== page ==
2) Data Warehouses: You can bring data into your web analytics tool, many allow for that, but if you are serious about this consider investing a true data warehouse environment were you will get tons more flexibility with what you can do with your data. You slap a off the shelf BI (business intelligence) tool on top of your data warehouse and you have created yourself a long term strategic data advantage.

Hope you found the above excerpts interesting, please check out the complete versions using links above.

Now its your turn. Please share your tips, tricks, war stories, critique, brickbats via comments. Thank you.

Comments

  1. 2
    Sarah says:

    I work at a fortune 100 company and have to constantly beg for resources for web analytics and justify every step.

    I am going to print out your answer about why should one care about web analytics and I am going to stick it outside my office wall.

    Thanks!

  2. 3
    Ashish says:

    Great post Avinash, as always very practical and helpful.

    The two answers to Robbin's questions were particularly helpful, the idea of 1+2+3 is fantastic (how simple and yet how powerful) and I was not aware that conversion data was so easily available.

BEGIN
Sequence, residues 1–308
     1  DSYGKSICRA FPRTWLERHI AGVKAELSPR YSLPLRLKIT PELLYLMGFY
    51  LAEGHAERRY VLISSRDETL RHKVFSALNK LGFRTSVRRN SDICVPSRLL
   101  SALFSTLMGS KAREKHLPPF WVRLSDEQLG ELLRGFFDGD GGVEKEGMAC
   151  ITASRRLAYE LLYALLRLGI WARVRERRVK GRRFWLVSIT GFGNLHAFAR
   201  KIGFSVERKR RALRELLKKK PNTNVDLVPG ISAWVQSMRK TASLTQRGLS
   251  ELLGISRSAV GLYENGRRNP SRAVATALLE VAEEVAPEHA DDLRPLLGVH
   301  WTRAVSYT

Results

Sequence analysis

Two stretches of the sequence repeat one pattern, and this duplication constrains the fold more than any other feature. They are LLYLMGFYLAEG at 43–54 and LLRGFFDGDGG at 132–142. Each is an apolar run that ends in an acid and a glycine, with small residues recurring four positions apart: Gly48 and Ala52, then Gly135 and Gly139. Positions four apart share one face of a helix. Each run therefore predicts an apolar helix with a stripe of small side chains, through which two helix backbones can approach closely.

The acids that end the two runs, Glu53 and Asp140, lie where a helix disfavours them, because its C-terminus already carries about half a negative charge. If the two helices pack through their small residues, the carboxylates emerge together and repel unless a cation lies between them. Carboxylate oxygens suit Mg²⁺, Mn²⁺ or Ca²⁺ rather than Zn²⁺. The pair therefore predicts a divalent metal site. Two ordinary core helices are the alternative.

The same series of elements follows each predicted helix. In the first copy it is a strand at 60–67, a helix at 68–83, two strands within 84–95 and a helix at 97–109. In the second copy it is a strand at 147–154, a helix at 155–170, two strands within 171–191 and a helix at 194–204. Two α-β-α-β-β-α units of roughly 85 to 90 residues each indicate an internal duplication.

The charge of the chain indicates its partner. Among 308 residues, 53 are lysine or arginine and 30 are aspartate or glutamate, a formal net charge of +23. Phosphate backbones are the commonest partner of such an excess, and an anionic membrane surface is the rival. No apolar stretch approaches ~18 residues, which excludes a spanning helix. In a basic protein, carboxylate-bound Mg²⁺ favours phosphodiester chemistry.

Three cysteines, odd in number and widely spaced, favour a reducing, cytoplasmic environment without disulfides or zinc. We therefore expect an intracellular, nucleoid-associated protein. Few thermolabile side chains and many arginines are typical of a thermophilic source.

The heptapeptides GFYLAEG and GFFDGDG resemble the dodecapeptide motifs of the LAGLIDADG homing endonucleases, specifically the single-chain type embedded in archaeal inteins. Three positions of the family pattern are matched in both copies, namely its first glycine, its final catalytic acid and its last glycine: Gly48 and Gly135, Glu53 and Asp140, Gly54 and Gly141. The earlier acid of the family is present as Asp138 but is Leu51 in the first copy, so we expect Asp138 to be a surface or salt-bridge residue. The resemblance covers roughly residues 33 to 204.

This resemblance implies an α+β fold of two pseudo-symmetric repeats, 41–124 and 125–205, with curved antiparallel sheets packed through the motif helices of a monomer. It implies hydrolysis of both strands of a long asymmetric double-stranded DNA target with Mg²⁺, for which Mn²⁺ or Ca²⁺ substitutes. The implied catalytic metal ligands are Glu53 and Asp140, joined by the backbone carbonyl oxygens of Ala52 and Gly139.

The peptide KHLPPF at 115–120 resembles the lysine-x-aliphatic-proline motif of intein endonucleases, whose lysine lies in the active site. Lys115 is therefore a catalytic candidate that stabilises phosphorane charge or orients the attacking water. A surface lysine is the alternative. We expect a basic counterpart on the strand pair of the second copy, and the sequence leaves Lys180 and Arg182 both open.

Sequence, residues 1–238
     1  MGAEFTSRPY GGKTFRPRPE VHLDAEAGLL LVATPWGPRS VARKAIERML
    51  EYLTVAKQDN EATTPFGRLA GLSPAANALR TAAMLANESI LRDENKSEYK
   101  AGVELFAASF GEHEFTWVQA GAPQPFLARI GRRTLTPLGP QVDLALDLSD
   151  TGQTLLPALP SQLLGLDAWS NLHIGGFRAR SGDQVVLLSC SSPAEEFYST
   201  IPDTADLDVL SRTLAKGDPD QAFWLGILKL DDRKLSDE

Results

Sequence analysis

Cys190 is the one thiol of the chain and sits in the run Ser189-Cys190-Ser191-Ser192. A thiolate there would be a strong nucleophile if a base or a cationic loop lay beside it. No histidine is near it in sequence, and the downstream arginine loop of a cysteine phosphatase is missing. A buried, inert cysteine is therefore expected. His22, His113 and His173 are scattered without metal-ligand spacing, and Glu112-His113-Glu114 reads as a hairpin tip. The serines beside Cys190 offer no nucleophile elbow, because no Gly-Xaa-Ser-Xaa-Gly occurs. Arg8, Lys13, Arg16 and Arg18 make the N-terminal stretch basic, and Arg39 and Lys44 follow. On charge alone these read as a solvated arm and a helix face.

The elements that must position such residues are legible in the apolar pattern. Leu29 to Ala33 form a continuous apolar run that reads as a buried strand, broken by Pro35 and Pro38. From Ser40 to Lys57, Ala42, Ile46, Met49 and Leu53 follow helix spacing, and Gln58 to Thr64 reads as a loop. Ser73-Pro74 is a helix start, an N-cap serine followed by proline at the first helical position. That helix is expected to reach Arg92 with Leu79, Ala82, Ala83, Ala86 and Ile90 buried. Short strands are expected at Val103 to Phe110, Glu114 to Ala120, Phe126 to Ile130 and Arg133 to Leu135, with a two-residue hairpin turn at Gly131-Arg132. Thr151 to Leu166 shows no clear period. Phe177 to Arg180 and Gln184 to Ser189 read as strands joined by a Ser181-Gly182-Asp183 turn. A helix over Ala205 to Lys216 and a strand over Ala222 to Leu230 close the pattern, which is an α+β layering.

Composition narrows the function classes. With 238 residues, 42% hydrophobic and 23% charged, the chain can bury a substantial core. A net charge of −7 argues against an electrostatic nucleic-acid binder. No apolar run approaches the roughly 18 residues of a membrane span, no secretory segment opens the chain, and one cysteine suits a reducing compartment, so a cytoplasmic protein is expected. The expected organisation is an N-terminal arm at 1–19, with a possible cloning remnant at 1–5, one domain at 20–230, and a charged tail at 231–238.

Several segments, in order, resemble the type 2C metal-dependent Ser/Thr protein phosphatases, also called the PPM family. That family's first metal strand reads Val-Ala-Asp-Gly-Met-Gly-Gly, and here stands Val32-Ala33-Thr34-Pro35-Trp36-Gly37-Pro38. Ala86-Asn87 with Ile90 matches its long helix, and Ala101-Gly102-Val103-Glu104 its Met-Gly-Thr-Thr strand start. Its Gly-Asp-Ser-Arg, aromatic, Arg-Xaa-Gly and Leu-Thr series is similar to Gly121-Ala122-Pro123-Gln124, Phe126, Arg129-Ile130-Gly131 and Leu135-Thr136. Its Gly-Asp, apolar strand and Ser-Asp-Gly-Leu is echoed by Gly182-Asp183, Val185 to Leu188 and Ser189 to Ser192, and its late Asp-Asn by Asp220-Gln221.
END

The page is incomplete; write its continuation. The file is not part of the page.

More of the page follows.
Ashish

  3. 4
    Amir Dekel says:

    Avinash, I thoroughly enjoy your blog and had to comment about your answer to multichannel analytics. Your two points are obviously correct but the problem with using a Data Warehouse and then just slapping any BI tool on top of it is that you still have to do all the work to extract value from it. The investment required in DW and BI is tremendous in capital, time and human resources. If you would like to discuss what we do and understand the advantage of using a tool like ClickFox please let me know.

    Thanks again, Amir

  4. 5
    Juan Damia says:

    Hi Avinash, thanks for mentioning these interviews. I didn’t know Luna Metrics and Variable Markup blogs, are very good ;-) (just one thing, it would be great if you create a link directly form the header image).

    One of the most interesting things to point out is that no one was extremely focused on web analytics tools but in web analytics models, procedures and techniques, probably with a more systemic view of how to track, measure, process, analyze and report information.

  5. 6
    Rajiiv says:

    Hi Kaushik,

    I am from india and have been following your blog for few months now, i would like to know ur opinion on Information Architecture through Web Analytics.Is this feasible and to what extent if so.

  6. 7
    Jahangir says:

    Avinash, as always this was a very interesting post. I just love your 10/90 rule.

    One question i would like to ask is that in your interview with Michael Julson you mentioned that

    "a core part of every process to ensure data is being captured and analyzed"